Tesco has partnered with the Innovation Gateway to work with companies including Heathrow, Kingfisher and RBS on ways to reduce carbon emissions from its buildings.

Tesco has agreed to share findings from its existing eco-innovation work with members of the group, which also include Carillion, University of Cambridge and Unite Group.

The agreement will share Tesco’s leadership, learnings and best practice in lighting controls, air conditioning, and heat reclamation, and scale its impact by opening it up to others.

Kené Umeasiegbu, head of climate change and sustainable agriculture at Tesco said: “At Tesco, we want to continue to play our part in combating climate change. Our work includes deploying innovation to reduce energy use across our estate. Wherever appropriate, we will share our experience and learn from other companies and organisations through the Innovation Gateway. We hope this exchange can be a real benefit to each company and increase our impact in addressing climate change.”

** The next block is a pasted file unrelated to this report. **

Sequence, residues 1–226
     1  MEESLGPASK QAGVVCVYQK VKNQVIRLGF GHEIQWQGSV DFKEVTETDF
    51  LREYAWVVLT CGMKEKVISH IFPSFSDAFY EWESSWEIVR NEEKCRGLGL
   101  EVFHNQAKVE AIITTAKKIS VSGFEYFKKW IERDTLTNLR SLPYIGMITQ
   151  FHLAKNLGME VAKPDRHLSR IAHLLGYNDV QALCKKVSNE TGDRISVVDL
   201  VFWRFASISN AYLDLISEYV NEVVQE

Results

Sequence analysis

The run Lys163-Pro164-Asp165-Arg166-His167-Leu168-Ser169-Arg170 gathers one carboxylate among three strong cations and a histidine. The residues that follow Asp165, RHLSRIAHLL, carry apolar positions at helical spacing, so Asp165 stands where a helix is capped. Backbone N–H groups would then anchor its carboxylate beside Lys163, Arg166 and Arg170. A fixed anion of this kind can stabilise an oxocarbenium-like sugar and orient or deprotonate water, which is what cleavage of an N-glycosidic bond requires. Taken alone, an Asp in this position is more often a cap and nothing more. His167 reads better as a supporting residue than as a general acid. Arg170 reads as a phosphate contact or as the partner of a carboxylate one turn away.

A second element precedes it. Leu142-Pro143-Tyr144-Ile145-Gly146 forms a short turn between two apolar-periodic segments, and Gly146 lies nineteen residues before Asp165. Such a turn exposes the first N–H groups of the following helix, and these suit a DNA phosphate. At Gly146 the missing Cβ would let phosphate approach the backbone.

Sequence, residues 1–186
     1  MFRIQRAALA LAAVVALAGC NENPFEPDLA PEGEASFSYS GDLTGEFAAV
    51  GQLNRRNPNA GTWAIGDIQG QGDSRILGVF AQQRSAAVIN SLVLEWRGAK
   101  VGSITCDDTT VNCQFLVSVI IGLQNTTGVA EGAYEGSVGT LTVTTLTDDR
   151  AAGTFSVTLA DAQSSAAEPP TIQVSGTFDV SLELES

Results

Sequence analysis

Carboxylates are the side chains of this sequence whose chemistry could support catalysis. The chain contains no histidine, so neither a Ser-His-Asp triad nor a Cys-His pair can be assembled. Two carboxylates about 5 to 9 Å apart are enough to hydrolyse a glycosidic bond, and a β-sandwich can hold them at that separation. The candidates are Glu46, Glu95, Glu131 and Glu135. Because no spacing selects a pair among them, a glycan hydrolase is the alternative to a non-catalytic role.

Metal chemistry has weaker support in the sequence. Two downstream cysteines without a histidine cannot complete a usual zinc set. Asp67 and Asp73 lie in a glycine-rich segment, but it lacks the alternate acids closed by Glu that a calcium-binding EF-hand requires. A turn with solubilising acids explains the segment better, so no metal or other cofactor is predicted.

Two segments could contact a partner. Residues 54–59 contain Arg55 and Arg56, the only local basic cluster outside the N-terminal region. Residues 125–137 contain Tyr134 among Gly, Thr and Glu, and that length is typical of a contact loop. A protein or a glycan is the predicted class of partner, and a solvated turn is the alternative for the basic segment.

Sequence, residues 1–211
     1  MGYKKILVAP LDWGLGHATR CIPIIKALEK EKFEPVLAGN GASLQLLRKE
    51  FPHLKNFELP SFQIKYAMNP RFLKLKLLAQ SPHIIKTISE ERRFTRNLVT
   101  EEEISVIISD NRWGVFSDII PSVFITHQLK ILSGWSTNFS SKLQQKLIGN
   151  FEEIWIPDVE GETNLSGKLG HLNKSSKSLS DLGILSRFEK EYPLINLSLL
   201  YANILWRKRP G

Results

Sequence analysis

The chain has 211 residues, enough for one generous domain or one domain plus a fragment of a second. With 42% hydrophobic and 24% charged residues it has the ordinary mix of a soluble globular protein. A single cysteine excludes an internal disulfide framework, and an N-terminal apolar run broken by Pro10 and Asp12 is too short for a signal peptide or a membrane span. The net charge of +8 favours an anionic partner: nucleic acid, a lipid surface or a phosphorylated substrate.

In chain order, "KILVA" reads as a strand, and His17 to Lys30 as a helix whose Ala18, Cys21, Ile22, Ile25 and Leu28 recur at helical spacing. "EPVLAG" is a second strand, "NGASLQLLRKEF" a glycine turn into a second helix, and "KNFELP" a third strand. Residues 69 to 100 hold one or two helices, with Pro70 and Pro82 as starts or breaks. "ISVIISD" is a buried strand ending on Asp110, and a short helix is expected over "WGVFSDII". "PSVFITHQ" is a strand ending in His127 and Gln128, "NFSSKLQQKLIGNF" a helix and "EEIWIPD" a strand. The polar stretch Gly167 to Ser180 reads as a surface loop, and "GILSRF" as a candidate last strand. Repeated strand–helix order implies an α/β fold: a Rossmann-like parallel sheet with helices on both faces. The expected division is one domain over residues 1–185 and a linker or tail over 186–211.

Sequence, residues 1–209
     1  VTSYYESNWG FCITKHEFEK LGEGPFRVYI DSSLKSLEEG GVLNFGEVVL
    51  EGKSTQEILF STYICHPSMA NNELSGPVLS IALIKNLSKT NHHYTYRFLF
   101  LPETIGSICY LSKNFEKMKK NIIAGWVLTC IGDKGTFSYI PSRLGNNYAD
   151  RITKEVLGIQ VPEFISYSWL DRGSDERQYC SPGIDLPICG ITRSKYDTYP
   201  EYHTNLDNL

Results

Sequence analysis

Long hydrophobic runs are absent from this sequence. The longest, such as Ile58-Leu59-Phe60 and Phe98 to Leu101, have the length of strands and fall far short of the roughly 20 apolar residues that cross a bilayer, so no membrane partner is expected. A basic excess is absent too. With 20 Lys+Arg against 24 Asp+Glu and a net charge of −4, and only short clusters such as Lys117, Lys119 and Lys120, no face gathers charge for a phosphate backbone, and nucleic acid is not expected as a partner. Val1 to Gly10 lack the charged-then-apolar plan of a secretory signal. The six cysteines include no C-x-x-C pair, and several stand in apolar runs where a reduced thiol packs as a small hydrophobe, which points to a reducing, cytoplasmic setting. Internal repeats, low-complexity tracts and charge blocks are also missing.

Since the Paris Climate Agreement, Tesco created targets to meet a zero-carbon ambition, with plans to become a zero carbon business by 2050, by securing 100% of electricity from renewables by 2030.

The retailer has already invested £700 million into energy efficiency since 2007, leading to a reduction in emissions of 41% per square foot, with ambitions to achieve a 50% reduction per square foot of store by 2020.

Henry Majed, director of partnerships at Innovation Gateway, added: “It’s fantastic that a company with Tesco’s depth of experience is taking a lead in sharing all the innovative work that it has done to reduce energy, waste and water across its portfolio. This partnership reflects how important it is to leading organisations internationally the need to reduce environmental impact and drive innovation to combat it. By working with Tesco, we can help drive cross industry improvements with tangible benefits to our environment.”